Lined Christmas Stockings

This was our year for new Christmas stockings.  Our last set had come under attack by the garage mice, were falling apart and needed to be retired.  My first thought, of course, was to make our next ones.

I went through a few phases, like planning for each of us to design our own, then I would sew them all.  When I sobered up, I scaled the plan back to a more reasonable level.  Instead of designing the stocking, each family member would choose a fabric print that reflected their personality.  Boy, did we nail it.  If you happen to know us in real life, you can probably tell exactly who each of these belongs to.

stockings 1

These little babies are fully lined and have a soft, furry Minkee cuff.  My daughter made her own, and since she’s still a newbie, that should give you an indication of how easy these are to make.

stockings 2

To make one, you’ll need this pattern.  You can piece it together, using the lines and letters as guides.  Cut two outside socks, two lining socks, two iron-on fleece socks and one hanger from cotton fabric. 

You’ll also need to cut one cuff piece from Minkee folded in half with the pattern on the fold as indicated.  The Minkee can be tricky to work with because it’s slippery, so you may want to go with regular cotton if this is one of your first sewing projects.  I would also recommend cutting the Minkee outside, if possible, and shaking well before bringing inside.  I cut mine on the back deck, and it looked like I had slaughtered a bunny when I was done.

stockings 3

Iron the fleece onto the back of the outside pieces.  Pin the outside pieces right sides together and stitch around, leaving the top open.  Pin the lining pieces right sides together and stitch around also, but in addition to leaving the top open, leave a 4” opening in the side about midway between the top and heel.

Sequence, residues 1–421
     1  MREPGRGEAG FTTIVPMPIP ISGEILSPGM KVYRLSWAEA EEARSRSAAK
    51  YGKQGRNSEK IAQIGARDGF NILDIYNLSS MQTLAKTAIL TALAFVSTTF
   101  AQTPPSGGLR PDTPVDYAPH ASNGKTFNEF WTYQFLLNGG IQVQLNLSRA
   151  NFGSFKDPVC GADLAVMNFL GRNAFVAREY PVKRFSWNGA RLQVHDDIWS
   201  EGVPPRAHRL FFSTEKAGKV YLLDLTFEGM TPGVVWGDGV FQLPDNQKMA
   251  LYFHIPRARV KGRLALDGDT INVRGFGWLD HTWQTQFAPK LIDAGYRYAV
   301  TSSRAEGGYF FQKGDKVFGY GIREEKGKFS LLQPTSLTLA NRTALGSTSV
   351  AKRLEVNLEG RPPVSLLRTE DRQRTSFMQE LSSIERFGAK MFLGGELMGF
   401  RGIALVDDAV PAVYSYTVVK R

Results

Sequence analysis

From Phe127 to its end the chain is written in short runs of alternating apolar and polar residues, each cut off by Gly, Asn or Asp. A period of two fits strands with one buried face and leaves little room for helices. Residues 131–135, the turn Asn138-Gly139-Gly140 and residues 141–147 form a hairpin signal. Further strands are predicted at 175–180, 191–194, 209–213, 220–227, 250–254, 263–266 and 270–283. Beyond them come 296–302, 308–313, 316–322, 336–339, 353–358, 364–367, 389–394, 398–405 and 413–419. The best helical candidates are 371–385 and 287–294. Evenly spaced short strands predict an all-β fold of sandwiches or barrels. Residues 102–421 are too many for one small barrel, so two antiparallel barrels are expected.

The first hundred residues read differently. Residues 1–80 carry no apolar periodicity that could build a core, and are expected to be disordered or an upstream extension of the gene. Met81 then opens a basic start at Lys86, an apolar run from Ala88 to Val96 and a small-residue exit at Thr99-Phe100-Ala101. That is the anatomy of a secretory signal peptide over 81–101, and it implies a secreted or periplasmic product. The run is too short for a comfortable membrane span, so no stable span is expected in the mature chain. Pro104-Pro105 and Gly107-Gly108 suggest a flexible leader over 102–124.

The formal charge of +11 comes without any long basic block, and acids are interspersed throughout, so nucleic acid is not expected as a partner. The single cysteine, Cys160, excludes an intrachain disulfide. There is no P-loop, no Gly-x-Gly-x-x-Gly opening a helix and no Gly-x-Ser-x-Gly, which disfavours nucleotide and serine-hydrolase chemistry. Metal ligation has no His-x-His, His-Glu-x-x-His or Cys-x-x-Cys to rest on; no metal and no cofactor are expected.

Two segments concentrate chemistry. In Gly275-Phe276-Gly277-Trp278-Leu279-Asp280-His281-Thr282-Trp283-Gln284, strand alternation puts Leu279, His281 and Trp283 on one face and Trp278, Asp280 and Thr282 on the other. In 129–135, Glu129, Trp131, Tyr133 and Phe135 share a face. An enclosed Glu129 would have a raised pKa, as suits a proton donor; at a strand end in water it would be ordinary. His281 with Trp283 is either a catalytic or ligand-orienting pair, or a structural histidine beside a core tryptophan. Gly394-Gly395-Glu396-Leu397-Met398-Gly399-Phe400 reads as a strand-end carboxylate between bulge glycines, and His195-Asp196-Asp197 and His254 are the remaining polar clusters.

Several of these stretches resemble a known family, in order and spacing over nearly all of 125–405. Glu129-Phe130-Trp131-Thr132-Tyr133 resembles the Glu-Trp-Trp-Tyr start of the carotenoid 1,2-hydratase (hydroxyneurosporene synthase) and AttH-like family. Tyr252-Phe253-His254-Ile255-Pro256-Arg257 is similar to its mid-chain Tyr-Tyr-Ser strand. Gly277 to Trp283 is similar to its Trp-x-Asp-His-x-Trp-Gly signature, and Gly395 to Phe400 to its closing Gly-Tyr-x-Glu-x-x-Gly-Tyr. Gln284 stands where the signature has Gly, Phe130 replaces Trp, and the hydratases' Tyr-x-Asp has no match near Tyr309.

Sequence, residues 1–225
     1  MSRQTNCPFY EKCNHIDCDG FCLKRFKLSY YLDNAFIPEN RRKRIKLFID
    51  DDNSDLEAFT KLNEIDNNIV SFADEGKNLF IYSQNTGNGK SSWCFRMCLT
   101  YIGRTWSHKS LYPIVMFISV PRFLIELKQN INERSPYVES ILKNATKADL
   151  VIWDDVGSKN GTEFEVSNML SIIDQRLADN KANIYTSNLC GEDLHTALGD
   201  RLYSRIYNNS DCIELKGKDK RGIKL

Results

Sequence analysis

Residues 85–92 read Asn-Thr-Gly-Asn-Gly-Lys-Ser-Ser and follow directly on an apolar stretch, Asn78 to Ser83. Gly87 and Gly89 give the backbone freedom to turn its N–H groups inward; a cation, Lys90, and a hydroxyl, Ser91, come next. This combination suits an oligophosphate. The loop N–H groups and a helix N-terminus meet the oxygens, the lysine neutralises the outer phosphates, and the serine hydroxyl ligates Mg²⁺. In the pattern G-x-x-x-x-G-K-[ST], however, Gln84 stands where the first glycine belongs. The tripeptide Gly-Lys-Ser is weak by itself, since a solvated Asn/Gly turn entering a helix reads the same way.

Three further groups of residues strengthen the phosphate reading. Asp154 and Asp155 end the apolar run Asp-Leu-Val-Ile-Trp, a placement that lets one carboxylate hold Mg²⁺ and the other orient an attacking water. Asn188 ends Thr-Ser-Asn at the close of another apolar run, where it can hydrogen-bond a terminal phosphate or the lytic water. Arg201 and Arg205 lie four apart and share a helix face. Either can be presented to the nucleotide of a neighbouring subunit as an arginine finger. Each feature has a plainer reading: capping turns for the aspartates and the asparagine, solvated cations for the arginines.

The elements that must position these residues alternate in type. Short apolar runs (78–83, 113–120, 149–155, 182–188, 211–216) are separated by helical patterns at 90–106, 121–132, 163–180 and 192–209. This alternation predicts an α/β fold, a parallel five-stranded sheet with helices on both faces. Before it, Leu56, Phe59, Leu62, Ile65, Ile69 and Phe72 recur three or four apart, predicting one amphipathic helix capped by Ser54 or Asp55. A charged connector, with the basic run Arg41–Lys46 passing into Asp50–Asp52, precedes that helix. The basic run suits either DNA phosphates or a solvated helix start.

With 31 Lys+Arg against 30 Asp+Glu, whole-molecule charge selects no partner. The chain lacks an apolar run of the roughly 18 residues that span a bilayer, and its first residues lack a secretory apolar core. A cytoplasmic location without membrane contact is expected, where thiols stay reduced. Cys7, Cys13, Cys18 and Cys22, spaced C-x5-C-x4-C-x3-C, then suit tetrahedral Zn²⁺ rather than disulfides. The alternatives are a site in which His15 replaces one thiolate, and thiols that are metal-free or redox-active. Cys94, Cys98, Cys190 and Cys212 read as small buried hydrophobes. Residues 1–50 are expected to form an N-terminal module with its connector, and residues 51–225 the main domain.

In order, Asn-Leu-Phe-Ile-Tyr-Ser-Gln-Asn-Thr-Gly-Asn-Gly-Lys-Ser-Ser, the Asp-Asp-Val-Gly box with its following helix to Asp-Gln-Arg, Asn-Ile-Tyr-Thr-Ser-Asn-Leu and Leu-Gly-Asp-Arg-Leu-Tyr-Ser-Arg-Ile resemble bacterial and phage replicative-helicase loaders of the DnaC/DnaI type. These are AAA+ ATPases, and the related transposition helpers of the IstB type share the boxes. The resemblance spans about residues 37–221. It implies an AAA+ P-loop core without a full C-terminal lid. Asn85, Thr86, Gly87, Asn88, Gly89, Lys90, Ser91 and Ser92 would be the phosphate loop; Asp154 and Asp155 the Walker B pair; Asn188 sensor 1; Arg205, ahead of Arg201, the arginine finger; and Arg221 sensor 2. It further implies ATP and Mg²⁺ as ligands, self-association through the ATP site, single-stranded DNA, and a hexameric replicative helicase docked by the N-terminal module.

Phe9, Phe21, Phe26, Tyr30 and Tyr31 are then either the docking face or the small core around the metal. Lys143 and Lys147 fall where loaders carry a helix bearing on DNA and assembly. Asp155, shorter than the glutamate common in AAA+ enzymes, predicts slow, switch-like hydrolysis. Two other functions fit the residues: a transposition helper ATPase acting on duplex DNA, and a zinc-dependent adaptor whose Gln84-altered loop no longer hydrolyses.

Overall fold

stockings 4

Fold the cuff in half with the short sides together with right sides facing each other and stitch across the short end. 

stockings 5

Turn halfway right side out, so it’s folded with the wrong sides together and the edges are even.  Stitch both layers together close to the raw edges to keep it from shifting.

stockings 6

Fold the hanger piece in half the with the long sides together and stitch down the long side.  Turn right side out and press.  I added a piece of webbing to the inside for added strength, mainly because my husband likes to give the kids tools for Christmas and they’re heavy.  You might not need it.

stockings 7

Turn the outside sock right side out.  Slip the cuff over the top so all the raw edges are even at the top. 

stockings 8

Slide both into the lining, which should still be inside out.  Line up seams and edges, making sure everything is even and pin generously.  Fold hanger in half and slip between cuff and lining at back seam.  Stitch through all layers 1/4” from the edge.  Stitch very carefully over the hanger, especially if you added the webbing.  I broke a couple of needles trying to sew through that area too fast.  Zigzag over the edge for added strength.

stockings 9

Turn the entire thing right side out through the opening in the side of the lining.

stockings 10

Turn the edges of the opening to the inside and zigzag over the edge to close.  Santa isn’t going to care.

stockings 11

Push the lining into the outside stocking and press.  Don’t press the cuff if you used Minkee.

stockings 12

Just roll the upper edge toward the inside with your fingers and make sure the lining is pushed all the way to the bottom of the stocking.

stockings 13

I love the size of these.  Big enough to put some stuff in, but not so cavernous that Santa has to resort to sneaky tactics to fill it.